See. also Machining of aluminum
Cutting tool design
The influence of the design of the cutting tool on the surface quality lies in its ability to form the “right” chip. Important, so that the chips can smoothly pass the cutting surface of the tool. It means, that the front angle of the tooth should be large enough, grease should be sufficient, and the surface of the cutting tool is quite smooth. A good smooth surface cannot be obtained when working with worn cutting tools..
Key factors, which affect the surface quality during machining of aluminum, define four distinct areas of machining quality (figure 1):
- Область I: Из-за налипания на режущую кромку качество поверхности является неудовлетворительным; вместо резания материал подвергается разрывам. This parameter area should be avoided..
- Area II: Roughness decreases with increasing cutting speed.
- Area III: Increasing the influence of tools and equipment, for example, vibration of the cutter or saw, in that area, which, basically, favorable for machining aluminum. therefore, in order to achieve better results at this cutting speed it is necessary to use equipment, designed specifically for aluminum.
- Area IV: Poor surface quality. The chips are collected on the workpiece and stick (welded) to the cutting tool, causing damage to the work surface. Such, for example, occurs during machining of cast alloys using worn cutting tools and high cutting speeds.
Cutting tool wear
Cutting tool wear and scratch, as is typical for machining steel, not observed during machining of aluminum and aluminum alloys. Tool wear during machining of aluminum occurs due to abrasion of the cutting surface. Therefore, the decisive criterion for evaluating the life of the cutting tool is objectively the wear width VB, shown in the figure 2. The wear of the cutting surface depends on temperature and occurs mainly by abrasion. When using a tool with carbide tips, the maximum value 0,3-0,5 mm for the amount of wear VB is considered normal.
The wear of the cutting tool is influenced as the material of the workpiece, so cutting parameters.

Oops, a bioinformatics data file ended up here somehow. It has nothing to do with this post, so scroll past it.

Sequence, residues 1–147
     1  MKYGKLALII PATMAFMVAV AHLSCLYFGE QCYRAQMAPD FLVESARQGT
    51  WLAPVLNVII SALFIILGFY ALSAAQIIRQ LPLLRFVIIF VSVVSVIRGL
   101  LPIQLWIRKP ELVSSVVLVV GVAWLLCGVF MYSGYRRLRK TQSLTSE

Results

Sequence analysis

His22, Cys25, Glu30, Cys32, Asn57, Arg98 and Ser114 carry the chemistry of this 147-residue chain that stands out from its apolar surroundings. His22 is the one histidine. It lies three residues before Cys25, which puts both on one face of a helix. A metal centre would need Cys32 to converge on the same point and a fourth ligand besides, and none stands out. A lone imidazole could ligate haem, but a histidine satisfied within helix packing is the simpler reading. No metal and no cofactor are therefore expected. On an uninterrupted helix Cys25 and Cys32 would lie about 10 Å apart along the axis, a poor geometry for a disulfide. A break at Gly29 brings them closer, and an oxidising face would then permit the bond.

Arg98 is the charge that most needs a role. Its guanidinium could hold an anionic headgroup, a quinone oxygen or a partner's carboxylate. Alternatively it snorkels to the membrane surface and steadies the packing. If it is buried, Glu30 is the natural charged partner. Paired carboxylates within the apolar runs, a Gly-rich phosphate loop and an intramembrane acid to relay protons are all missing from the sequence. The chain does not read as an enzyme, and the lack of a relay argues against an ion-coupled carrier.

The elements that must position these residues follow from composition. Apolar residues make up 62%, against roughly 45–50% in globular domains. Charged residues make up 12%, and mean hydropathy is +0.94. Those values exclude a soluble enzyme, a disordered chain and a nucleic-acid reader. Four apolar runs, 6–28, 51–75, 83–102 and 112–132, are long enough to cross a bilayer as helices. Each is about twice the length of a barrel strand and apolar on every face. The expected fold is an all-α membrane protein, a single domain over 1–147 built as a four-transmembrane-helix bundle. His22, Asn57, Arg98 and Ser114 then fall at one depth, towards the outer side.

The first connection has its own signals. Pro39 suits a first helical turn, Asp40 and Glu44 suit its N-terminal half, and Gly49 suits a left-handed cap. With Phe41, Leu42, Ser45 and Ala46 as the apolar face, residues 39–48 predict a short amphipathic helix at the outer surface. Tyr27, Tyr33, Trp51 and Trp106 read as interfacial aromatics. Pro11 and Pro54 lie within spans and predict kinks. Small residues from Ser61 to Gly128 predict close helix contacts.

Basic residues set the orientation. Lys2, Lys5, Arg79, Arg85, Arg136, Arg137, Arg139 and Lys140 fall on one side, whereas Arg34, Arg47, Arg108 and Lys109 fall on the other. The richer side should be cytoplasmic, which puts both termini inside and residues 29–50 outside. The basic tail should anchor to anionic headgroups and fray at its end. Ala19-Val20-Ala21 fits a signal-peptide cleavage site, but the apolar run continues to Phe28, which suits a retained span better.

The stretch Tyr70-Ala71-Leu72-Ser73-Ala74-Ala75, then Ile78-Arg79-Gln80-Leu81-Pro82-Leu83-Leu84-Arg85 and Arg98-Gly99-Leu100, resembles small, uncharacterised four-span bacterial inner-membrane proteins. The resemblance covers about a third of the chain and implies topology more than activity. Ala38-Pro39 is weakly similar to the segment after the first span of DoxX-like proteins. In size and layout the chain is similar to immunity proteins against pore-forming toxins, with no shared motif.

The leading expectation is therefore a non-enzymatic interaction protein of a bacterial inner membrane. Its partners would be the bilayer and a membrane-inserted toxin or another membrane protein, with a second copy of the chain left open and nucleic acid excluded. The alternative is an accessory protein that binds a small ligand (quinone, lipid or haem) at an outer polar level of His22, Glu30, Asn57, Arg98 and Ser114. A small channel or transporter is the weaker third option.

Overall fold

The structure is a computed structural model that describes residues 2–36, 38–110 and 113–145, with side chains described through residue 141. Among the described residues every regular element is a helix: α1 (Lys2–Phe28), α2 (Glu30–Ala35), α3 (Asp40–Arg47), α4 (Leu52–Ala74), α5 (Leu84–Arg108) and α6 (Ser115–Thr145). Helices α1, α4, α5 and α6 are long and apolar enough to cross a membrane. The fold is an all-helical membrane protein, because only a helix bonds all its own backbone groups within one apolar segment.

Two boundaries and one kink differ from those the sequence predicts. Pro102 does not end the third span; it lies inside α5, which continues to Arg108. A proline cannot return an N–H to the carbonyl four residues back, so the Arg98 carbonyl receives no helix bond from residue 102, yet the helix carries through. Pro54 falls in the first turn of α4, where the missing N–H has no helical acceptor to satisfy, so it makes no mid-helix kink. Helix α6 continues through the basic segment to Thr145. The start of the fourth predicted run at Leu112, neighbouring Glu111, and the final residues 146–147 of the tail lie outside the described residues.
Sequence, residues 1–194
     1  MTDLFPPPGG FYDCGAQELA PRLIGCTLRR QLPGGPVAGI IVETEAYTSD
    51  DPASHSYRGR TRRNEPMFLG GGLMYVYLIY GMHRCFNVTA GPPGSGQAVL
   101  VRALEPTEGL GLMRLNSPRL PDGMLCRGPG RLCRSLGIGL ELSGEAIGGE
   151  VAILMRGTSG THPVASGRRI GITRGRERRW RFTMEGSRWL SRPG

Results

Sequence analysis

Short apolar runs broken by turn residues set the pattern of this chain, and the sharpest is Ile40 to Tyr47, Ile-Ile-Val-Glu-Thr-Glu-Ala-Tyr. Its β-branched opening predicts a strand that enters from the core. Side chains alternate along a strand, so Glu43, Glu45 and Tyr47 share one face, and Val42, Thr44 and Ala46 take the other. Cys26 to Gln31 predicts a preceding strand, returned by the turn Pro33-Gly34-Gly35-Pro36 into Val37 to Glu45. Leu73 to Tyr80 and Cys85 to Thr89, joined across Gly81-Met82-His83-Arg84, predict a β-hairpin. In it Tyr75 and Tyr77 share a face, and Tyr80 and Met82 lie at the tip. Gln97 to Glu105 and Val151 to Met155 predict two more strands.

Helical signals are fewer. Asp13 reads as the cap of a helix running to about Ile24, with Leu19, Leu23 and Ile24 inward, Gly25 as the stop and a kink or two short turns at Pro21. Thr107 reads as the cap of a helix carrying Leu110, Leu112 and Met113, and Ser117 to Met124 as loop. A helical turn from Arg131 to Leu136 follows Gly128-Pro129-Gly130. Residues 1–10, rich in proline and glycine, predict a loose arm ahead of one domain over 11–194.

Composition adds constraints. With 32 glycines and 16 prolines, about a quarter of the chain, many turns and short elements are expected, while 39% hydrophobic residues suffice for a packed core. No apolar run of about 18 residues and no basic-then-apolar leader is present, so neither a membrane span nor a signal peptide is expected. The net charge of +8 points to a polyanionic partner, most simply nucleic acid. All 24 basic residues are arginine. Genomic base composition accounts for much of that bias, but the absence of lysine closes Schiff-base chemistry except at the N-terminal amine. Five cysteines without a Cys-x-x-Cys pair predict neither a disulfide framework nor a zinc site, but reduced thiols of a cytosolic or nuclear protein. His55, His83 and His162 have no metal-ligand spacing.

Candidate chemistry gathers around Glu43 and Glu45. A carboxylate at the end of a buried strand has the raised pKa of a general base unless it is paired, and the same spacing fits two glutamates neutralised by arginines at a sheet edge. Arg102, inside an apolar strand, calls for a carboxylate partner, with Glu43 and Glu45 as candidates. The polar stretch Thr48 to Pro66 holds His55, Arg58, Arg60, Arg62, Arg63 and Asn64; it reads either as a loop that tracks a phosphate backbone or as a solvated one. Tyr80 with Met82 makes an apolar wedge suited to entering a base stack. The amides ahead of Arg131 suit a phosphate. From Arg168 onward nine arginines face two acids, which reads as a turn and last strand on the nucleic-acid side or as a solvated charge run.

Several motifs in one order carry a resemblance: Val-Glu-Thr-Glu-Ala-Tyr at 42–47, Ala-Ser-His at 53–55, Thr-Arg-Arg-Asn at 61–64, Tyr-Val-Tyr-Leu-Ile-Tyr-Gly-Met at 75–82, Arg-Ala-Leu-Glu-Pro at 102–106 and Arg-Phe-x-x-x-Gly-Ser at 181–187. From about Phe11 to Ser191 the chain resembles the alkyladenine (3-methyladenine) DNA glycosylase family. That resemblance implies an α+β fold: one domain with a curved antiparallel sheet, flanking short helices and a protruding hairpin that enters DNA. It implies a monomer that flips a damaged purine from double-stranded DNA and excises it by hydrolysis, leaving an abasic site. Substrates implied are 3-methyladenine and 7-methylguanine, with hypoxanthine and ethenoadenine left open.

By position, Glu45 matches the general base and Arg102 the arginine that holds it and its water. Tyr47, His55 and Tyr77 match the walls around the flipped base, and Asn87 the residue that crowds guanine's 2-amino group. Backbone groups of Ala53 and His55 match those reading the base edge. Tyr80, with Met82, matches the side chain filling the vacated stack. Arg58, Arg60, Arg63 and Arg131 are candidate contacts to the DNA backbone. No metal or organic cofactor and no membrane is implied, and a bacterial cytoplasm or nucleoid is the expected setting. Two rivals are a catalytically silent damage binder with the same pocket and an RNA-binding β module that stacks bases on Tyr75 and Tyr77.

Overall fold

The material of the workpiece has a particularly large influence on the wear of the cutting tool:
- Depreciation increases with the amount of large particulate matter., which are embedded in an aluminum matrix. These particles are, for example, primary precipitation of silicon particles in a hypereutectic aluminum alloy. For this reason, aluminum castings cause severe wear on the cutting tool.. This wear is particularly high in the case of foundry hypereutectic piston aluminum alloys.. On the other hand, low silicon wrought alloys cause minimal wear.
- Wear increases with increasing strength of aluminum alloys.. solid particles, which are in a soft aluminum matrix, quite easily break out of it, without causing much harm to the instrument. However, if the aluminum matrix has increased hardness, then inclusions break out harder and therefore cause greater wear and tear on the tool.
- Finally, tool wear depends on the wear resistance of the tool itself.
Effect of cutting speed on tool wear
Regarding cutting conditions, then cutting speed has the greatest impact on the life of the cutting tool. The figure 5 presents an example of the dependence of the life of a cutting tool in the machining of aluminum alloys for die casting. In the case of wrought aluminum alloys, the life of the cutting tool is measured rather in shifts or days., than in minutes, as for high silicon casting alloys.
Since the wear of the cutting tool also depends on other machining parameters, then the service life can only be estimated for a specific set of parameters. Other parameters, which affect the wear of the cutting tool are:
- Lubricating and cooling emulsions - effective cooling reduces tool wear.
- Intermittent cutting, for example, if there are pores in the material, increases tool wear.
- Feed rate and depth of cut. Tool wear increases with increasing cross-sectional thickness of the chip.
Cutting force for machining aluminum
To assess the influence of the material on the cutting conditions, the so-called specific cutting force is used.. This specific cutting force is correlated with cutting force., material and chip size. In general, the following provisions apply:
- Different aluminum alloys have differences in specific cutting forces., but relatively small.
- usually take, that the specific cutting force for aluminum and aluminum alloys is 30 % from such an effort for steel.
- The specific cutting force of an aluminum alloy cannot be deduced from its chemical composition or physical properties..
- Specific cutting force must be determined experimentally for each individual case..
The required cutting force depends not only on the size of the chip, but also from the cutting lubricant and the design of the cutting tool:
- The lubricating-cooling emulsion has two opposite effects.. One side, cooling reduces the temperature in the cutting zone and thereby increases the required cutting force. On the other hand, lubrication facilitates chip movement and reduces the amount of required cutting force.
- The geometry of the cutting tool affects the cutting force through the rake angle γ. The larger this angle, the less the chip compression and the lower the cutting force (figure 3).
- The degree of wear on the cutting edge has a relatively large effect.. Therefore, during prolonged machining, the amount of cutting force increases.
A source: TALAT 3100